Clinic Info:

Skeet 101

My skeet 101 clinic is comprised of two main components a powerpoint presentation and an on range portion. The powerpoint is a very informative point by point breakdown of the basics, fundamentals and mechanics involved in skeet shooting. It is always enjoyed by all that attend and creates some great dialogue, it really gets shooters thinking about the sport in a whole new way and is an important key to unlocking ones shooting potential. The best part is all shooters receive a hard copy of the presentation. This allows them to continue reviewing what they learned the day of the clinic and on track to mastering a mechanically sound game. Ones learning never ends in skeet and reviewing the basics regularly and keeping yourself accountable to the fundamentals is 100% necessary if you’re chasing new skeet goals. Expert musicians practice scales every time they pick up their instruments, professional hockey players work on their skating and stick handling. These are generally boring tasks but they are the basics and they truly separate amateurs from professionals. There is no difference in skeet, the basics are a necessary “evil” and cannot be overlooked if you are trying to master the sport, or just improve.

The second component is the on range time, which begins before we start the powerpoint. First, we head out to the range and I have all attendees shoot one or two full rounds of skeet with no instruction. Here I analyze their game and make notes on what each shooter will work on that day and beyond. After the powerpoint and lunch, we head out on the range for 3-4 hours of range time, where we try to apply what we learned during the powerpoint to our game. As well as, modify specific elements to each individual shooter, that will help them progress at a much faster rate.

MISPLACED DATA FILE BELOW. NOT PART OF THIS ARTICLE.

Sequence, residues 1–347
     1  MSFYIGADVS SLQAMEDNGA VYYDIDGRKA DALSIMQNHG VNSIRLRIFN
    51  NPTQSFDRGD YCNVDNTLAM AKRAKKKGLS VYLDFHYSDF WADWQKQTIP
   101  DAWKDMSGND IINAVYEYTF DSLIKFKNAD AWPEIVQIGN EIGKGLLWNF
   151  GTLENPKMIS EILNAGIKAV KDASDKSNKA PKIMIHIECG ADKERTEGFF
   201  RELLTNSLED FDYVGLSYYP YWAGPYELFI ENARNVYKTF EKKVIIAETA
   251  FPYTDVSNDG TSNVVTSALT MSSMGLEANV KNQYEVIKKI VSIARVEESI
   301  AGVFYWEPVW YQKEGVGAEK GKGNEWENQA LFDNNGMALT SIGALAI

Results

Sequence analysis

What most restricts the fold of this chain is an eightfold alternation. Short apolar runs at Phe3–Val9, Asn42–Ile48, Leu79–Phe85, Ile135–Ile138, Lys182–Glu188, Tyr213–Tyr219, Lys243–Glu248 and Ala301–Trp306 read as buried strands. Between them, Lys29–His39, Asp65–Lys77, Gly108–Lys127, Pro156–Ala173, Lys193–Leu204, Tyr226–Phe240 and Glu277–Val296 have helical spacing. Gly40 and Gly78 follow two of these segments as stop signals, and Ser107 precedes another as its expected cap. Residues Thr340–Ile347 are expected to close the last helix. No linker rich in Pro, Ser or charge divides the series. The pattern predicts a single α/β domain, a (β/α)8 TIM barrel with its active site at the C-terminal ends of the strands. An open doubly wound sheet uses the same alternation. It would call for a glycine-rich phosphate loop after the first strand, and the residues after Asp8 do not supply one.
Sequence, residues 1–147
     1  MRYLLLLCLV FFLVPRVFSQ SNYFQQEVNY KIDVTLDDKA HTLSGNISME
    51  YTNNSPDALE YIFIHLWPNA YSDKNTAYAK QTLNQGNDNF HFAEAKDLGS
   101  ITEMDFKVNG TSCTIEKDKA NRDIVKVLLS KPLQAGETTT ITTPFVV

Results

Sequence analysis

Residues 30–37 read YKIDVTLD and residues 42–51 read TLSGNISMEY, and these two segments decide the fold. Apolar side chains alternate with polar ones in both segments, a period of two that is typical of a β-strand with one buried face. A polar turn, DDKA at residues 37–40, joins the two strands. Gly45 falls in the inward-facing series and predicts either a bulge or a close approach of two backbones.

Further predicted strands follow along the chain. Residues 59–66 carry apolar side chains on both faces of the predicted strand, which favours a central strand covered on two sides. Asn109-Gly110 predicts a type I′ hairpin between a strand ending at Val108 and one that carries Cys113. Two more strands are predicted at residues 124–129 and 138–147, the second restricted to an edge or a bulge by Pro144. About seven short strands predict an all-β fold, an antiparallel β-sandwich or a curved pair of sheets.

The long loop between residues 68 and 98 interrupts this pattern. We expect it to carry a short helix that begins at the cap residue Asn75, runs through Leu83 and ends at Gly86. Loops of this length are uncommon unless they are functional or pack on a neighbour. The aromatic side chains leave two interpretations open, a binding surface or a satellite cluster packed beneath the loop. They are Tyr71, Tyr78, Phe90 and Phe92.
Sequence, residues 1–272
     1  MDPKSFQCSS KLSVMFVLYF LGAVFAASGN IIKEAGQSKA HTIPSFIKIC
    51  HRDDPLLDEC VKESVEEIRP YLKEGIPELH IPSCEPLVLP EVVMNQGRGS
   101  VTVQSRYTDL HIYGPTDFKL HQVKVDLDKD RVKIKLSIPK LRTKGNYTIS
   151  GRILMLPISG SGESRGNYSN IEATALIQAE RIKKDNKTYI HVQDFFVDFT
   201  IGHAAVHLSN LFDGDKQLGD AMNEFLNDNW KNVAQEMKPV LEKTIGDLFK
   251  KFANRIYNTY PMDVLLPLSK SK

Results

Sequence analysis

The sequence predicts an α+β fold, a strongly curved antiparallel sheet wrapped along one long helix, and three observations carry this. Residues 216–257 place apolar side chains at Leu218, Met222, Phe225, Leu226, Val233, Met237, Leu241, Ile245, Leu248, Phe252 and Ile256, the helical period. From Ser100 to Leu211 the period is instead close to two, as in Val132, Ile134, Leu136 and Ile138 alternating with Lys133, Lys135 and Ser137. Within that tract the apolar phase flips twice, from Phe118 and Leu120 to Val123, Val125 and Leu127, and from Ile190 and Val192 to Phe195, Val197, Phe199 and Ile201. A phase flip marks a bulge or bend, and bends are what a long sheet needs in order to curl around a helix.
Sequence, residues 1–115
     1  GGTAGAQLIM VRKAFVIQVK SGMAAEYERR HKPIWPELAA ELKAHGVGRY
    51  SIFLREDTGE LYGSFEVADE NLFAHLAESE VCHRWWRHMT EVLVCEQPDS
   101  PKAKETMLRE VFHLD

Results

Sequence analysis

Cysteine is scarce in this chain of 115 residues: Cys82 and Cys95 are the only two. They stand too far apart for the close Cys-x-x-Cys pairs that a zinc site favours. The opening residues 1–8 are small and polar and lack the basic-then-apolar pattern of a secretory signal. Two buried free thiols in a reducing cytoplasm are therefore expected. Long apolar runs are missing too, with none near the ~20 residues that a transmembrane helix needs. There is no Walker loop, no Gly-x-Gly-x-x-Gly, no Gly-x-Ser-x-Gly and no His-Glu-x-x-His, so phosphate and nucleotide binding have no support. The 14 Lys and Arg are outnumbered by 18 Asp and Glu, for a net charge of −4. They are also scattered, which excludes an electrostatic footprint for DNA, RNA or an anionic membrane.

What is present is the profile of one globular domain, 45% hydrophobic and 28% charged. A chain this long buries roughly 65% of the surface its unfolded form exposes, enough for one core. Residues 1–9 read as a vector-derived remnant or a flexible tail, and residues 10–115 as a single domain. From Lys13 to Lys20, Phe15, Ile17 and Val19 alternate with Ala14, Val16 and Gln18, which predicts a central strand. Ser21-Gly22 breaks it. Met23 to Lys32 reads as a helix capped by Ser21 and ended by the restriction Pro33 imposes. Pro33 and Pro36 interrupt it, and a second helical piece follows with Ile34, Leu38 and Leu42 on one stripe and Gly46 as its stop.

My skeet 101 clinics have received excellent reviews and I really enjoy hearing from my past attendees on their progress and how my clinics have improved their skeet game.

Skeet 201

The skeet 201 course is for those who have already attended my 101 course. It is an advanced skeet course involving either, a short powerpoint I created for my level 2 NSSA Instructors course, called Sports Psychology for the Intermediate shooter and a long (5-6 hour) range block. Or, a straight 7 hour range block. Depending on what the club would like. The powerpoint overviews the basics of what mental attributes are necessary to unlock ones potential. An athletes mental game in any sport will determine whether you can handle the pressure of competition, in skeet, it will make or break your ability to run straights or whether you win or lose in a shootoff. You may have all the mechanics down pat, but if you are weak mentally, your mechanics can mean little to nothing. I am not a sports psychologist, but I have worked with some and done extensive study on the subject and I am ALWAYS working on improving my own mental game. It is not nearly as straight forward as learning the fundamentals. It will help you learn a lot about yourself and this is important not only in skeet but in your personal and professional lives as well.